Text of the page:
You can find about travel advice such as public places & services, best restaurants, activities, sightseen and other key facts of the Machu Picchu, Peru.
Machu Picchu is a 15th-century Inca citadel, located in the Eastern Cordillera of southern Peru, on a 2,430-meter (7,970 ft) mountain ridge. It is located in the Machupicchu District within Urubamba Province above the Sacred Valley, which is 80 kilometers (50 mi) northwest of Cuzco. The Urubamba River flows past it, cutting through the Cordillera and creating a canyon with a tropical mountain climate.
Most archeologists believe that Machu Picchu was constructed as an estate for the Inca emperor Pachacuti (1438–1472). Often mistakenly referred to as the "Lost City of the Incas", it is the most familiar icon of Inca civilization. The Incas built the estate around 1450 but abandoned it a century later at the time of the Spanish conquest. Although known locally, it was not known to the Spanish during the colonial period and remained generally unknown to the outside world until American historian Hiram Bingham brought it to international attention in 1911.
Machu Picchu was built in the classical Inca style, with polished dry-stone walls. Its three primary structures are the Intihuatana, the Temple of the Sun, and the Room of the Three Windows. Most of the outlying buildings have been reconstructed in order to give tourists a better idea of how they originally appeared. By 1976, 30% of Machu Picchu had been restored and restoration continues.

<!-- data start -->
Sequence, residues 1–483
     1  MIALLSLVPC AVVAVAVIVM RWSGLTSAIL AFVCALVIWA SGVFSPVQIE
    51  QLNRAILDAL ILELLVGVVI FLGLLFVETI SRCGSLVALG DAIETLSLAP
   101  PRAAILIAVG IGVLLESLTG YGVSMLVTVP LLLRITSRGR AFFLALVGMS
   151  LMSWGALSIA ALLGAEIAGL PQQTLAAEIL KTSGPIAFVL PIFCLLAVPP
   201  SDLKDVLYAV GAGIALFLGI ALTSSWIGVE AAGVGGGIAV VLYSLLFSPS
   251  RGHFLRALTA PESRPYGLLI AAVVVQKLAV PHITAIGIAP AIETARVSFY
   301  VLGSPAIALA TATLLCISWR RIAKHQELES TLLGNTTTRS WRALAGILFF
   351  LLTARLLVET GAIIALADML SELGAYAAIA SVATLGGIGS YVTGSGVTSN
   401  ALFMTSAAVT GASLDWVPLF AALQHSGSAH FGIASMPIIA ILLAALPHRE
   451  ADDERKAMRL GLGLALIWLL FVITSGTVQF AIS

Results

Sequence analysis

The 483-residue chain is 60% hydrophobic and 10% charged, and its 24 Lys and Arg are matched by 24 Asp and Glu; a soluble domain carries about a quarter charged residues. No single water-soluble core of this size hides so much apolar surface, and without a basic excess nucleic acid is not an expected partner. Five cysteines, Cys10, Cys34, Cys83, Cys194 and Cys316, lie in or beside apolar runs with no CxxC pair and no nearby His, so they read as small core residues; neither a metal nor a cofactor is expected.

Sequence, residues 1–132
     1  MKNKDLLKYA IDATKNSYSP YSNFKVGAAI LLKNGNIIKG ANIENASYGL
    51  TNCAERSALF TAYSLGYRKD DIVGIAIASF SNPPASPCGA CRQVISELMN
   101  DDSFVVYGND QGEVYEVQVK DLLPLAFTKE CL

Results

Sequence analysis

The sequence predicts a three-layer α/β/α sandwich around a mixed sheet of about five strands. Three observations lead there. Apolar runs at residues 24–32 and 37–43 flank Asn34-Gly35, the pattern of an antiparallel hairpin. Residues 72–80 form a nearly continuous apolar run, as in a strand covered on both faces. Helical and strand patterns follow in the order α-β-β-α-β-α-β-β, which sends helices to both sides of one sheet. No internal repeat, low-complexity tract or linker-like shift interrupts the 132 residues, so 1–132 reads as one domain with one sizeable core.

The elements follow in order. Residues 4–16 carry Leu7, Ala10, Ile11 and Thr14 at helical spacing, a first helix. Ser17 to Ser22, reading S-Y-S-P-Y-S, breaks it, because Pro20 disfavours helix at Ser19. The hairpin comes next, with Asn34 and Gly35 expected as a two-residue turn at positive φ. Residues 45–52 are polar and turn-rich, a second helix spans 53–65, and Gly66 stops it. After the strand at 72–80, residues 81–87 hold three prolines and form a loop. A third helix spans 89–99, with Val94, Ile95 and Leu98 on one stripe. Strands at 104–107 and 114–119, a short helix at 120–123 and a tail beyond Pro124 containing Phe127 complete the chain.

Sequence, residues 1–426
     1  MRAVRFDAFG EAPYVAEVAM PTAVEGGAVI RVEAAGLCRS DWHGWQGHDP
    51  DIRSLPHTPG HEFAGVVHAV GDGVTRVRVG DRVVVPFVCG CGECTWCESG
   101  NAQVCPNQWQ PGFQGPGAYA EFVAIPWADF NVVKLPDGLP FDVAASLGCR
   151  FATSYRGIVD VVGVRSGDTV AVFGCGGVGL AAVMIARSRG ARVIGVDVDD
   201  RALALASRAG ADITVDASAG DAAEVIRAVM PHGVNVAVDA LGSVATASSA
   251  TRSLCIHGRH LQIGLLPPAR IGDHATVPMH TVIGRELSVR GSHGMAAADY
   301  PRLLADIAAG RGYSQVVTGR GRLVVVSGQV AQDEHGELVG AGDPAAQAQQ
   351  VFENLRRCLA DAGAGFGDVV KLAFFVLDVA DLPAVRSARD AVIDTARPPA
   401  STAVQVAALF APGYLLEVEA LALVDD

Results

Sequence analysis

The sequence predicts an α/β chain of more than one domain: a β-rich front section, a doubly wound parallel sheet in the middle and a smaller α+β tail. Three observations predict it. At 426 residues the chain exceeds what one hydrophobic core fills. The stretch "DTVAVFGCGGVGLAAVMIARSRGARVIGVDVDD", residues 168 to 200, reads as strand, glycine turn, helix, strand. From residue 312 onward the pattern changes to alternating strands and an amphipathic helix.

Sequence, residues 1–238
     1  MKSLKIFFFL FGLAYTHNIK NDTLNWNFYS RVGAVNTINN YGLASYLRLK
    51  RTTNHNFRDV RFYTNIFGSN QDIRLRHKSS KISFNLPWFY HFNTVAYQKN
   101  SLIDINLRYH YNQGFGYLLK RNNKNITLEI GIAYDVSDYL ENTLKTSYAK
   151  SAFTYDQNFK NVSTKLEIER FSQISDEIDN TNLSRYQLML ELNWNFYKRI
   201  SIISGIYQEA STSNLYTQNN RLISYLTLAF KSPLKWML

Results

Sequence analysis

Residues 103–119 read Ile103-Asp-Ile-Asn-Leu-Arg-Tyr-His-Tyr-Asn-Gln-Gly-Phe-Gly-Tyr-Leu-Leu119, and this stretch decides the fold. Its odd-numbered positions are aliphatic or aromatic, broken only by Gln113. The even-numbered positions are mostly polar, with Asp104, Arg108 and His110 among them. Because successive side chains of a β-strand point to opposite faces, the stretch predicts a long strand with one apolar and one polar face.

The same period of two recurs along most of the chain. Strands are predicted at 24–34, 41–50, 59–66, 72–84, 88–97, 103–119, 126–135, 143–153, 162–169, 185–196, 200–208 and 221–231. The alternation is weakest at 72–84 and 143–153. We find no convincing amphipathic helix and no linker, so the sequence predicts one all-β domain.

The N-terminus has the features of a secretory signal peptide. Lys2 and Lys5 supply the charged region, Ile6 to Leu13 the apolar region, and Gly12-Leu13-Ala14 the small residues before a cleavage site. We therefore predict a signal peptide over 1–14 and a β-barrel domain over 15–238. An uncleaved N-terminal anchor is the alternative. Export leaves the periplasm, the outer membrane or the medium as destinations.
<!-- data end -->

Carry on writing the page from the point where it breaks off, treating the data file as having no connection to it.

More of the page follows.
Machu Picchu was declared a Peruvian Historic Sanctuary in 1981 and a UNESCO World Heritage Site in 1983. In 2007, Machu Picchu was voted one of the New Seven Wonders of the World in a worldwide internet poll.
Foods in Machu Picchu, Peru:
1.) Peruvian cuisine
The gastronomy of Perú is considered one of the best in the world; its fusion resulted from the mixture of cultures, flavors and ingredients throughout its history; dishes like the anticucho of heart (skewers of heart of res), tacu tacu and the carapulcra have African influence; pasta and variety of sauces with Peruvian ingredients have Italian influence, ceviche is the flagship dish in Peru and has great Japanese features. But Chinese and many other immigrants landed in the port of Callao, also contributed; we recommend you try the Novo-Andina food in Cusco.
2.) The best gastronomy in Peru
Lima is considered the secret jewel of gastronomy in the world, since it has surpassed the more traditional cuisines. According to the most important culinary magazines in Europe, seven of the fifteen best restaurants in the world are in Peru, surpassing the fabulous cuisines of countries like Italy and France.
3.) The ingredients of Peruvian food
Peru is blessed with an abundant variety of natural resources in its 3 natural regions; products of the Pacific, Andean products, and spices and fish of the Amazon, that is why the horn of abundance is an emblem present in the Peruvian Shield. To give you just one example of the variety and magnitude of the ingredients available, know that Peru produces more than 3,800 varieties of potatoes, but as we told you are not only the ingredients but the incredible culinary fusion.
4.) Peruvian food in Lima
Think twice before leaving Lima quickly, most people take time to enjoy Peruvian food, before arriving at Machu Picchu in Cusco. Unless you are an experienced gourmet, you will realize that this will be more difficult than it seems; in the menus of Creole restaurants, you will find a variety of dishes almost unimaginable, since Peru has more than 500 typical dishes.
5.) Peruvian food in Cusco
In the best restaurants in Cusco, besides Creole and gourmet food, you can find Novo-Andina food, made with Andean and organic ingredients, brought from the villages of the Sacred Valley of the Incas and the South Valley.
6.) Where to eat in Cusco?